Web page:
Let’s get right to it. As promised, here are the remaining four in my “top five” things I will be watching for this football season.
4. How will the front seven perform?
Lately, this seems to be a real area of concern for Cyclone fans. This year is no different. With guys like Frere, Lyle, and Jesse Smith moving on, there are a lot of unknowns. On top of that, we learned that Austin Alburtis would forego his final season of eligibility after earning his degree (and contributing to Iowa State’s best-in-the-conference football graduation rate). The D-line does return some experience at the ends, with Patrick Neal and Rashawn Parker (medical hardship), but there are mostly questions.
But even with all of the question marks, many fans are still excited to see how some of the new parts will function as a unit. Who isn’t excited to see the sophomore linebackers, A.J. Klein and Jake Knott, step onto the field in more prominent roles this fall? It’s hard not to notice the buzz surrounding this duo. And what about sophomore DT, Jake McDonough? The guy definitely looked the part at media day.
While there are plenty of unknowns, last year’s performance does provide reasons to be hopeful. The Cyclone defense was opportunistic and kept the opponent out of the endzone enough to be competitive in most games. There will be growing pains, but there is no reason not to expect a fundamentally sound defense that tackles well and commits few penalties.
3. How will this team perform at Iowa?
I don’t ask this because Iowa is the most important game on the schedule. It’s not. I ask because it could mean good things for the rest of the season. If, in game two, the Cyclones step onto the field at Kinnick Stadium and look unfazed, consider me excited. As always, expect the point spread to be illogically skewed in favor of Iowa. But if the past dozen seasons have taught us anything, this game should be competitive.
As a fan, I often find that a small part of me has been suckered into believing that this annual battle is destined to be an Iowa blowout. I suppose if that’s all you hear for weeks leading up to the game, it’s bound to wear on you. But as soon as that first series is in the books, I usually find that my nervousness has subsided, and that the teams are more evenly matched than most expected.
Extra attention will be paid to Arnaud’s performance. As everyone knows, he played an unfortunate game of pitch-and-catch with the Hawkeye secondary for most of the afternoon last year, throwing four picks. It was especially unfortunate as it looked as if the rest of the Cyclone squad had come ready to play. Line play did not favor Iowa, as expected, and the Cyclones were showing an ability to run the ball. Hopefully Coach Herman learned something from that game as well.
2. Will the 2010 Cyclone squad return to a bowl game?
Many college football experts believe that Iowa State is set to play the most difficult schedule in the country. An unnecessarily difficult non-conference schedule and a tough South Division rotation are the reasons why. Outside of the Big 12, Iowa State will play two top-25 teams, a very solid team from the MAC, and one of the best D1-AA programs in the country. Conference play is “highlighted” by a two-week road trip from hell, with back-to-back games in Norman and Austin. Ugh.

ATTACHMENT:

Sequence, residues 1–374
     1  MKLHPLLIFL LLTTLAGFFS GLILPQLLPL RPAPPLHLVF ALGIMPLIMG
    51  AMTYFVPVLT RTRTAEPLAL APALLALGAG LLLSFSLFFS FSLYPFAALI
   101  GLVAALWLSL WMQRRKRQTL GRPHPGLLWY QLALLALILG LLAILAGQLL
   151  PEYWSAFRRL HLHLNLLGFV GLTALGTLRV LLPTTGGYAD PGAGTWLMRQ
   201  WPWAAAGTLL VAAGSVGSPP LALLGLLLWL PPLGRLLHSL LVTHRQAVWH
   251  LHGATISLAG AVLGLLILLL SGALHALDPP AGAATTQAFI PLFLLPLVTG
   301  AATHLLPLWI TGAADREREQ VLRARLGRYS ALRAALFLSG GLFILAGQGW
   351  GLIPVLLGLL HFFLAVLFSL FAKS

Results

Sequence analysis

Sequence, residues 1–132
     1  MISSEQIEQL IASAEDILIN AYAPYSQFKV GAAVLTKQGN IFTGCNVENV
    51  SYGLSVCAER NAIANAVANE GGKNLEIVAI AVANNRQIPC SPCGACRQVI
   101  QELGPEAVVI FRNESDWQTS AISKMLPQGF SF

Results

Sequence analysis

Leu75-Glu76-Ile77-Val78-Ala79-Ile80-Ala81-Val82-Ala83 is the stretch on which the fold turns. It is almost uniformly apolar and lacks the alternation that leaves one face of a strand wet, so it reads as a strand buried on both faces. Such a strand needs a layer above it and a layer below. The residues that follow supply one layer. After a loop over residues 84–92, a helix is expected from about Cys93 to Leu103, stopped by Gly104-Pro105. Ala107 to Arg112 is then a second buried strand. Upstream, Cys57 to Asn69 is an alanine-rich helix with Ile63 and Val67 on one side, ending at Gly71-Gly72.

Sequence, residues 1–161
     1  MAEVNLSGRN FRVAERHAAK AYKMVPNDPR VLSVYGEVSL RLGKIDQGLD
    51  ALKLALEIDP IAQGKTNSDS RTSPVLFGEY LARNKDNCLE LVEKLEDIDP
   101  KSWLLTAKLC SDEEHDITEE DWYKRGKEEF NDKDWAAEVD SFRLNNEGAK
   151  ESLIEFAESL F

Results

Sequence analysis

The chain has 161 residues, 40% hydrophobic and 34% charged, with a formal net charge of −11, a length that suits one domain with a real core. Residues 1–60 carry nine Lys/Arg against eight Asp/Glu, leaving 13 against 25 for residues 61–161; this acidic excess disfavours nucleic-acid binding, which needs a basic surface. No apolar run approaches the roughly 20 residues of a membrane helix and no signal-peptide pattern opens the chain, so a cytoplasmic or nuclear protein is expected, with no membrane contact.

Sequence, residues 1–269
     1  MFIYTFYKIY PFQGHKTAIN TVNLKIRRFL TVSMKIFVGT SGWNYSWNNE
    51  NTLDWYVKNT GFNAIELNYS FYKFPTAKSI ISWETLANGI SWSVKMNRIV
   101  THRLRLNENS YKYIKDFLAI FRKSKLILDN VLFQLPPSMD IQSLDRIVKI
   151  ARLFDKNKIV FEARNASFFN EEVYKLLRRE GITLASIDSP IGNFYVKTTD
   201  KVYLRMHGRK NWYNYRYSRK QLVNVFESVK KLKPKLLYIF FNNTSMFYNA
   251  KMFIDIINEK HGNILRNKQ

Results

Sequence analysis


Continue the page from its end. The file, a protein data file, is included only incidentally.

I hate to imply that anything is certain, but the way I see it, there are three wins, three losses, and six “toss-ups” on the schedule. And keep in mind that not all toss-ups are created equal, meaning I’ve included some very difficult games that I’m simply not ready to chalk up as losses. I would consider the following games to be toss-ups: at Iowa, Texas Tech, Utah, Kansas, Nebraska/Mizzou, at Colorado. I split Nebraska and Mizzou because I could see us winning one of those two daunting home contests, but not both.
Iowa State has to win three of those toss-up games. The fact that all but two will be played in Ames is why I’m hopeful that a bowl game is a possibility in 2010. Personally, I’ve set my sights on five wins, perhaps to avoid disappointment. (Cyclone fans have become experts at limiting expectations.) But if Paul Rhoads manages to win six and earn a chance to win a seventh, look for him to receive serious consideration for conference coach of the year.
1. Will a lead donor step forward and help finance the south endzone expansion?
This is my number one for a few reasons. First of all, it’s about damn time this got done. Amidst my collection of old games on VHS, I have a VHS that was sent to donors by then athletics director, Gene Smith, highlighting his plans for the south endzone. Fast-forward way too many years, and we’re still waiting. I may leap for joy then fall from my first-row, balcony seat when Pollard finally trots a lead donor out to midfield with a giant check in-hand.
So why put a non-field-of-play issue at number one on my watch list? Because it’s not just about the stadium. It’s about continuing to bring our facilities to a level comparable to some of the “haves” in college football. It’s about no longer being “little ol’ Iowa State” and, instead, acting aggressively- something that doesn’t happen often in Iowa State athletics. And, most importantly, it’s about impressing Joe Recruit and finally having a stadium worthy of the Big 12.
Our AD has a vision. The plans for the stadium are a big part of that overall vision. But it’s up to some of the heavy hitters in our fanbase to give this vision a big shot in the arm. Whether or not it happens this season, one thing is certain: Cyclone fans have been waiting so long for the south endzone expansion that they’ll probably flock to the construction site like a bunch of cult members to a shrine.
I hate to quote a famous Husker fan to close this post, but… “git ‘r done.”